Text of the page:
And not only do women feel empowered by learning to love their bodies but the funds raised go right back to Movemeant to fund the aforementioned curriculums and programs for middle school girls, so the next generation of women grow up loving their bodies. "Movemeant Foundation's mission is simple," she told us. "To empower young women across the country to use movement — running, dancing, biking, and more as a form of self expression that enables them to emotionally and psychologically connect to their bodies." Wow, right? "They learn self-esteem, build positive body image, and begin to uncover the best version of themselves." So yes, if you're wondering, Jenny really IS a freakin' superstar.
"Beating the sh*t out of my insecurities" — Jenny
She's not stopping, and Movemeant is picking up more and more steam. "My initial vision was to give every woman the chance to feel how I feel after a SoulCycle class — unstoppable, fierce, and worthy of happiness and success," she said. "The vision today is very similar. I believe every body is meant to move and every body should be given the opportunity to move. Through physical movement, we can greatly change how young girls and women view and value themselves. By building a positive relationship with her body, she then can build confidence and self-worth."
Today, Movemeant works with #ShePlaysWeWin, a photo project that showcases the power of movement, sports, and fitness on a young woman's self-confidence. Together they fund grants that provide sports instruction, gear, activewear, and coaching and mentorship to disadvantaged girls between 8 and 16 years of age. Recipients of these scholarships have gone on to learn how to snowboard, participate in ice hockey, and play sports like basketball, hockey, and tennis.
Even more grants are going to programs like The Wahine Project and iSurf School, Cycle Kids in Boston, and Women's Health Education Program in Ohio. On top of that, Movemeant delivers "physical programming," like "hip-hop dance, cheer dance, yoga, Zumba, [and] kick-boxing" — with the intent of building self-esteem — to middle school-aged girls. They currently provide these programs in 20 middle schools in the Bay Area.
Movemeant creates campaigns to inspire and empower women to love their bodies. They're combating the obesity epidemic while giving strength and hope to women with insecurities. They're changing the game of fitness, health, and wellness for women, starting by fortifying the younger generation and equipping them with the tools they need to live a stronger, healthier, happier life.
Words of Wisdom
Jenny is truly changing the world, but who inspired Jenny to be so inspirational herself? "I am a huge Brené Brown fan girl," she told us. "One of my favorite quotes of hers is, 'When you get to a place where you understand that love and belonging, your worthiness, is a birthright and not something you have to earn, anything is possible.'"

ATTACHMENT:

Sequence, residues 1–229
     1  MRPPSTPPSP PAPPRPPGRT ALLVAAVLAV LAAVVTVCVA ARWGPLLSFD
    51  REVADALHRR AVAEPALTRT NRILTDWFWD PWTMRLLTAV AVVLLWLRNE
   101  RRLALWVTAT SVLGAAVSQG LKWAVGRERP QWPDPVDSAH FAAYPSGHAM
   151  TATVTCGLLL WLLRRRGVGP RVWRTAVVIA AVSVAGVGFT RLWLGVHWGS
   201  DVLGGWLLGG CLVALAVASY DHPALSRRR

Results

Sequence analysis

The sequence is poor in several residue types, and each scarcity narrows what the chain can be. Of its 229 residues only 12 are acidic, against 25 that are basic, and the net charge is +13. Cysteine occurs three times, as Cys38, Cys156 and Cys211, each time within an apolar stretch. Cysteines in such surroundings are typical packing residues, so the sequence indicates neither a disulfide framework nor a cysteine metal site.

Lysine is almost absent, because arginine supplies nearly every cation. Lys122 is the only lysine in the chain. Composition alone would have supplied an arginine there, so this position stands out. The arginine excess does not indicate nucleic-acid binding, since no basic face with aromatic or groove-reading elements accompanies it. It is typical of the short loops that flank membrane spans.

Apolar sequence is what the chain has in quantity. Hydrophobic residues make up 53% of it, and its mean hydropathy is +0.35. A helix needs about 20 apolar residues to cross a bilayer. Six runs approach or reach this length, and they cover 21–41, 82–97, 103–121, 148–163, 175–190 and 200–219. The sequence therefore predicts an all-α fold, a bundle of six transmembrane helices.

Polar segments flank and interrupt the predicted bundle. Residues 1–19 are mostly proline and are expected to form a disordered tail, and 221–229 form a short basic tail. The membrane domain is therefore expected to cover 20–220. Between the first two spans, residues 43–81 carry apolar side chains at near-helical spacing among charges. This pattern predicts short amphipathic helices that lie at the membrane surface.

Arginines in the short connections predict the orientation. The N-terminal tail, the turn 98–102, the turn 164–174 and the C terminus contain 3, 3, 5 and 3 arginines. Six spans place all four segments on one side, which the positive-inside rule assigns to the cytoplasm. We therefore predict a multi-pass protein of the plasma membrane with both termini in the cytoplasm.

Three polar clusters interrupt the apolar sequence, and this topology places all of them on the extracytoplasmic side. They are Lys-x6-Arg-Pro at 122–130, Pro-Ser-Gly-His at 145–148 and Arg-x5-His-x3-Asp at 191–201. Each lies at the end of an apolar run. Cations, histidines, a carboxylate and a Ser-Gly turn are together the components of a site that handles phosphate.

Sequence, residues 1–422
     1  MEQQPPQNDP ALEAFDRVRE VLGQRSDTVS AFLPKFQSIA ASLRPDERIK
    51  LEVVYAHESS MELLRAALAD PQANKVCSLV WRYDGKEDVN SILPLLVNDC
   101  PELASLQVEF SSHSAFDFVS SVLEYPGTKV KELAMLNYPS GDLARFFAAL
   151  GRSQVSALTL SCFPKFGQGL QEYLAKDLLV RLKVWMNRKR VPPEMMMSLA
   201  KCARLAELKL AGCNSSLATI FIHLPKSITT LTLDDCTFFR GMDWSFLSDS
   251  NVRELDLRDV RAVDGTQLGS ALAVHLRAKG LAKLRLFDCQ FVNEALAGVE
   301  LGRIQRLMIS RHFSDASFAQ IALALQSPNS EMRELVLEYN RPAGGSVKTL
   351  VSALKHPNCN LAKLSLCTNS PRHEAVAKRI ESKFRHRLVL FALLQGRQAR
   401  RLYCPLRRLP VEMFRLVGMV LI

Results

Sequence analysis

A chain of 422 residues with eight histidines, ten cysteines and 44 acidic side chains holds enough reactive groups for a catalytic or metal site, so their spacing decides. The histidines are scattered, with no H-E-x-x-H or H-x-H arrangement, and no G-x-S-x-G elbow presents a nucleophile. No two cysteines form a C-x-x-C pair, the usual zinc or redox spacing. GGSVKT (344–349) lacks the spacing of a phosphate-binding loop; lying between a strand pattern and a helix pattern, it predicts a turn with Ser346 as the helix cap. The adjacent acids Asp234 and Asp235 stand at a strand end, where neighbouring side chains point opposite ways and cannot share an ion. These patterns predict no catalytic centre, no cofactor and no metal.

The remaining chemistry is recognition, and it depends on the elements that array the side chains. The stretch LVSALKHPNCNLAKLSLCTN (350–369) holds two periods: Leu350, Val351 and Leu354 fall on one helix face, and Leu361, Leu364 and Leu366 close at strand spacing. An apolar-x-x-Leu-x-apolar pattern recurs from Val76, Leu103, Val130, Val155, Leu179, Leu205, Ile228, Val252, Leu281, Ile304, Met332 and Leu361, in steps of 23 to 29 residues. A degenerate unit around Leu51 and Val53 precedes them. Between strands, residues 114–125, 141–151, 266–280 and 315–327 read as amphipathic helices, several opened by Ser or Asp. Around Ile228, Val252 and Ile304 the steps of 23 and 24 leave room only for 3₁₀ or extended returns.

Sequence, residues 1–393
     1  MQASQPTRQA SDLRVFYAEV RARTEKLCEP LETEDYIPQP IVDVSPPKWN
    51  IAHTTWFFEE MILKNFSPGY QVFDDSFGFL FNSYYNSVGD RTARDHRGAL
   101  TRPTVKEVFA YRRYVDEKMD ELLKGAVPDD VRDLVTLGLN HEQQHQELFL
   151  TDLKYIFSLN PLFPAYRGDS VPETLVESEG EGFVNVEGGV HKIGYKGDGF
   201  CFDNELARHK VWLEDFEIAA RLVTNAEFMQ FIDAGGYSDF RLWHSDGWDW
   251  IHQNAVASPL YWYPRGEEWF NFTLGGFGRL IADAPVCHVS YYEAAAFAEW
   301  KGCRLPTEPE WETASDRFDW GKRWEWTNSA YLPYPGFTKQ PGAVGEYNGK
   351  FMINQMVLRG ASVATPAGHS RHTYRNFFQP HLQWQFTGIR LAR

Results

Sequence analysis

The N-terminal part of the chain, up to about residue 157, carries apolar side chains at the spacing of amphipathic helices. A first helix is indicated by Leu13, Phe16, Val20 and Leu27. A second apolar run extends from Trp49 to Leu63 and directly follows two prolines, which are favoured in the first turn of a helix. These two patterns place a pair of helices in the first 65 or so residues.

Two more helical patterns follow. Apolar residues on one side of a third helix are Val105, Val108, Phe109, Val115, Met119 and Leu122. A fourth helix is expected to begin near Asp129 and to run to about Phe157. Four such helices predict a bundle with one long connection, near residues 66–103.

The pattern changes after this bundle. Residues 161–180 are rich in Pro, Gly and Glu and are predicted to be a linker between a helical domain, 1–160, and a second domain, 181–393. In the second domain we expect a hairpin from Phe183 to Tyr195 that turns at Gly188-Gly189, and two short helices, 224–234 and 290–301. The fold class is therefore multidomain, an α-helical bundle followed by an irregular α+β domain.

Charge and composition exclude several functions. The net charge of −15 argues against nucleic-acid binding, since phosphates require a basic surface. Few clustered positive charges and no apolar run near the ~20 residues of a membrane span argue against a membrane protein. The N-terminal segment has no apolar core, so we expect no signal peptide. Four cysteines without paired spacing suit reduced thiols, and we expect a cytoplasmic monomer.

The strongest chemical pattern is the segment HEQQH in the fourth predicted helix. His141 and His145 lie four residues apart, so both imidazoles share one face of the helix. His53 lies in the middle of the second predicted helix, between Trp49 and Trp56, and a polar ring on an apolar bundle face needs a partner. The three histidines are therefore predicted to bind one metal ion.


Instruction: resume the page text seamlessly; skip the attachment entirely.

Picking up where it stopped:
She said the problem that most women face today with fitness — the barrier that keeps them from changing their lives for the better — is that "fitness has become synonymous with punishment, and often, it's inaccessible to many women." It starts with small steps — "Getting out there and moving teaches self-reliance; it allows you to uncover what your body is truly capable of." And that, the moving and learning about yourself, "not the dropping of pounds," is what Jenny calls "the kind of transformation we should be celebrating."
"Through physical movement, we can greatly change how young girls and women view and value themselves."
If you're just beginning your own journey, Jenny says to find a support system, find an activity you love, be proud, and keep taking risks. "Surround yourself only with people who value, appreciate, and respect everything about you," she said. She also urged the importance of dissociating exercise with the stigmas: "When I used to hear the word 'exercise,' I'd think of treadmills, burpees, and sprints — all things I hated. So if you don't like working out, don't work out! Instead, go dance. Climb. Swim. Take a walk or a bike ride. Because if you call it what you like, you'll like it, and it should feel like a reward."
"Accomplish something that is challenging to you," she said. "There's no greater thrill than realizing you're capable of anything if you invest your heart and soul into it."